Get Comfortable with The Uncomfortable with Erin Diehl

Erin “Big” Diehl is a performer, facilitator and professional risk taker. Her mantra is “get comfortable with the uncomfortable.” Through a series of unrelated dares, Erin has created improve it!; a unique professional development company that pushes others to laugh, learn and grow.

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Empirical evidence has shown that improvisational training has the ability to improve an employee’s trust, teamwork, communication, presentation skills, creative problem solving, and can improve a company’s overall corporate culture.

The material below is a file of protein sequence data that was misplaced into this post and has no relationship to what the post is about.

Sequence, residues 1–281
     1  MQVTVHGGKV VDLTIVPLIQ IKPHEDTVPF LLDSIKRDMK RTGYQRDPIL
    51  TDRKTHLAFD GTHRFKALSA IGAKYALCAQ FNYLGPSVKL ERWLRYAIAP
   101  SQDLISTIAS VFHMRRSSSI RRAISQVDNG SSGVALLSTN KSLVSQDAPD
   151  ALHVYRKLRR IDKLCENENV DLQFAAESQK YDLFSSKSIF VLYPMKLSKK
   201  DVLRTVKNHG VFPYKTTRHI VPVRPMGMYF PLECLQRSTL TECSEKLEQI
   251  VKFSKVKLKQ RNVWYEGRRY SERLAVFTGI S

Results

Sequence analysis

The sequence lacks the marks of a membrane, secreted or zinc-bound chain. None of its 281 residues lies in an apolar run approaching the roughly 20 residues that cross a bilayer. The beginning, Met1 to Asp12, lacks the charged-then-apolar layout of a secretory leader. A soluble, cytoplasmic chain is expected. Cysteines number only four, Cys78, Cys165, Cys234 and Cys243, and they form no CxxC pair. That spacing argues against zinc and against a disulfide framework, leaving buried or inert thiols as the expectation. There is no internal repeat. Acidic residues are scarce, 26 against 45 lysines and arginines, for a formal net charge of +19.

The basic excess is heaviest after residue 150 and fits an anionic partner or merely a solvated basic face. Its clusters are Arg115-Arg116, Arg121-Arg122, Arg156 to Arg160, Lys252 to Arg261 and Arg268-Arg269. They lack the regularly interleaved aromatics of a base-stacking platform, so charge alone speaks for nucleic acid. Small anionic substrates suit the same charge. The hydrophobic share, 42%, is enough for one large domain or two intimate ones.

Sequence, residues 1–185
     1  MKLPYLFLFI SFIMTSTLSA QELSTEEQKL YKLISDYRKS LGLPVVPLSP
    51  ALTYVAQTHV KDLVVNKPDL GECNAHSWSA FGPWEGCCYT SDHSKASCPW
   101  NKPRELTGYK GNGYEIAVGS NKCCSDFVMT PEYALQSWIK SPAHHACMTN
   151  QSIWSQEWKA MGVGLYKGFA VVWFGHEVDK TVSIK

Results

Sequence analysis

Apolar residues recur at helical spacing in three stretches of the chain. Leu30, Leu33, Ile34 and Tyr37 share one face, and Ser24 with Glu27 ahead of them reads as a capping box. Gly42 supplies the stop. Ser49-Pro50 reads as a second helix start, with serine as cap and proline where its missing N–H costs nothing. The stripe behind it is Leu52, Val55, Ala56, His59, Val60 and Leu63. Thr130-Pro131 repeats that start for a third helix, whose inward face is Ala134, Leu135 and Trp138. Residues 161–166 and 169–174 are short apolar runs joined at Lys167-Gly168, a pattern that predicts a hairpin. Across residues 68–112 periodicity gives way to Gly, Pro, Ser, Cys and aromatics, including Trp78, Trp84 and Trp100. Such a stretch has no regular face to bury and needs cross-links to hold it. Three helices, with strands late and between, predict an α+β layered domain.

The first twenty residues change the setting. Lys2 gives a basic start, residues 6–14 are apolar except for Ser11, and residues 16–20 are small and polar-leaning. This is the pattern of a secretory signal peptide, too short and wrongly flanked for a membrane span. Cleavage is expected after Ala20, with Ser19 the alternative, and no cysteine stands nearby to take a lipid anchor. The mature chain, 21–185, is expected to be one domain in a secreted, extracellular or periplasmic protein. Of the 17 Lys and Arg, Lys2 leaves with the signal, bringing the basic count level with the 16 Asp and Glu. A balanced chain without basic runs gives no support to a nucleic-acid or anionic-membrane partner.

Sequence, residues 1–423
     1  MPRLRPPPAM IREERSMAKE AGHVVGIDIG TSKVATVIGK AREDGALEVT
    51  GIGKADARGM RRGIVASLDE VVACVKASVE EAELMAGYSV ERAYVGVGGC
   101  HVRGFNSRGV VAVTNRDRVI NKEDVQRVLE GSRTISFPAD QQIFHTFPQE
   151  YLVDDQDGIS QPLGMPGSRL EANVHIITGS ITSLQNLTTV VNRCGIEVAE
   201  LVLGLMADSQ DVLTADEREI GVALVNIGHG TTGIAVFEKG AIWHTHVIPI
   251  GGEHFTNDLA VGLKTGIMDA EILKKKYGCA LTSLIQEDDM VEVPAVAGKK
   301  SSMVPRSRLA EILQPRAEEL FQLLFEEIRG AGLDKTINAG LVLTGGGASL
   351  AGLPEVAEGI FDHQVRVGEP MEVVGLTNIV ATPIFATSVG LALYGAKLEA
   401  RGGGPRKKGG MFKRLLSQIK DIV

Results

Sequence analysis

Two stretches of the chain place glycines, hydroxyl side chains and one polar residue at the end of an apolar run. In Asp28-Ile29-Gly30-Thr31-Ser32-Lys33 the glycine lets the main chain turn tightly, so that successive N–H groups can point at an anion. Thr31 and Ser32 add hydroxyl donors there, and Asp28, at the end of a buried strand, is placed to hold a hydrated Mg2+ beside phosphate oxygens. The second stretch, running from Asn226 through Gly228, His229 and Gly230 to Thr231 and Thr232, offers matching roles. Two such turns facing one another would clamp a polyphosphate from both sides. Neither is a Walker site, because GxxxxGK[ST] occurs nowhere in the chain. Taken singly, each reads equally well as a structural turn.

Erin’s company, improve it!, conducts workshops across the country leveraging improvisational techniques to improve employees’ soft skills in corporate settings.

Holistic was able to chat with Erin about her role in helping companies create a friendlier, more collaborative atmosphere in the workplace.

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How would you define diversity and inclusion?

To me, it means creating an environment where everyone feels safe, free to be themselves, and comfortable in their own skin. It is a place where our differences are celebrated, rather than judged. It means understanding each other’s values system and creating an environment where those values are intentionally lived out on a daily basis.

How important are these matters to you and your organization?